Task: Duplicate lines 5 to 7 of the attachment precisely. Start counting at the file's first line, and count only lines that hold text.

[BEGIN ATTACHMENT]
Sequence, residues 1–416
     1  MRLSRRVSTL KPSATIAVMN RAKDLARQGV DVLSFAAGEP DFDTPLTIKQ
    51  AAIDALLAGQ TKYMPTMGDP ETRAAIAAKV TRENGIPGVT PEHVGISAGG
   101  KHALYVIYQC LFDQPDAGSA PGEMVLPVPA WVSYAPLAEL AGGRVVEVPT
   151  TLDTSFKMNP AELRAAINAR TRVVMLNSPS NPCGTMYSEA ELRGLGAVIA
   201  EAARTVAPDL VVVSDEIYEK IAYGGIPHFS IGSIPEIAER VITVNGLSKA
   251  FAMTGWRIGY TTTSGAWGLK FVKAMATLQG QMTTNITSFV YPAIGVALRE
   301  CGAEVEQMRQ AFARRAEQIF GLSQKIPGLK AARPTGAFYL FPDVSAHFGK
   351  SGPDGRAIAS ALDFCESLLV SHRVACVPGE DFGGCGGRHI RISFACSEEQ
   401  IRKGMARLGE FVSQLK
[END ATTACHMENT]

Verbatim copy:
   151  TLDTSFKMNP AELRAAINAR TRVVMLNSPS NPCGTMYSEA ELRGLGAVIA
   201  EAARTVAPDL VVVSDEIYEK IAYGGIPHFS IGSIPEIAER VITVNGLSKA
   251  FAMTGWRIGY TTTSGAWGLK FVKAMATLQG QMTTNITSFV YPAIGVALRE